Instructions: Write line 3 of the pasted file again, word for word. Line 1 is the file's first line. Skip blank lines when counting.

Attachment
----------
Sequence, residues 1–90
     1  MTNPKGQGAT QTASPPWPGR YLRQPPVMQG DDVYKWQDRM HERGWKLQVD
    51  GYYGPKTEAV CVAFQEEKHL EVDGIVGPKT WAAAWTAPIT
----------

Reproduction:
    51  GYYGPKTEAV CVAFQEEKHL EVDGIVGPKT WAAAWTAPIT